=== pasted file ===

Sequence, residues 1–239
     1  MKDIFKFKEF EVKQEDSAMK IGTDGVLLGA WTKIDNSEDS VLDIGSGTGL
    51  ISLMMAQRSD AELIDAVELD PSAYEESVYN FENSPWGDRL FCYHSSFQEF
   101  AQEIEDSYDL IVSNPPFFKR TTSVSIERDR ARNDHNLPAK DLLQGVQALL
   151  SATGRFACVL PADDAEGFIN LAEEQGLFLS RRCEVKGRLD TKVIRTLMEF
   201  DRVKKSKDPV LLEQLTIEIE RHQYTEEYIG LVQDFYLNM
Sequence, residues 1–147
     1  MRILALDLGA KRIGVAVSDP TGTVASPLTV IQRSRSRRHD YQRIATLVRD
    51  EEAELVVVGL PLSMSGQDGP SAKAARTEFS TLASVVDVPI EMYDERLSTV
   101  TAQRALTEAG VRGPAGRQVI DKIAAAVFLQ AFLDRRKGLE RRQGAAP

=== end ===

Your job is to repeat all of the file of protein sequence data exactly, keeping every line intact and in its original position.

Sequence, residues 1–239
     1  MKDIFKFKEF EVKQEDSAMK IGTDGVLLGA WTKIDNSEDS VLDIGSGTGL
    51  ISLMMAQRSD AELIDAVELD PSAYEESVYN FENSPWGDRL FCYHSSFQEF
   101  AQEIEDSYDL IVSNPPFFKR TTSVSIERDR ARNDHNLPAK DLLQGVQALL
   151  SATGRFACVL PADDAEGFIN LAEEQGLFLS RRCEVKGRLD TKVIRTLMEF
   201  DRVKKSKDPV LLEQLTIEIE RHQYTEEYIG LVQDFYLNM
Sequence, residues 1–147
     1  MRILALDLGA KRIGVAVSDP TGTVASPLTV IQRSRSRRHD YQRIATLVRD
    51  EEAELVVVGL PLSMSGQDGP SAKAARTEFS TLASVVDVPI EMYDERLSTV
   101  TAQRALTEAG VRGPAGRQVI DKIAAAVFLQ AFLDRRKGLE RRQGAAP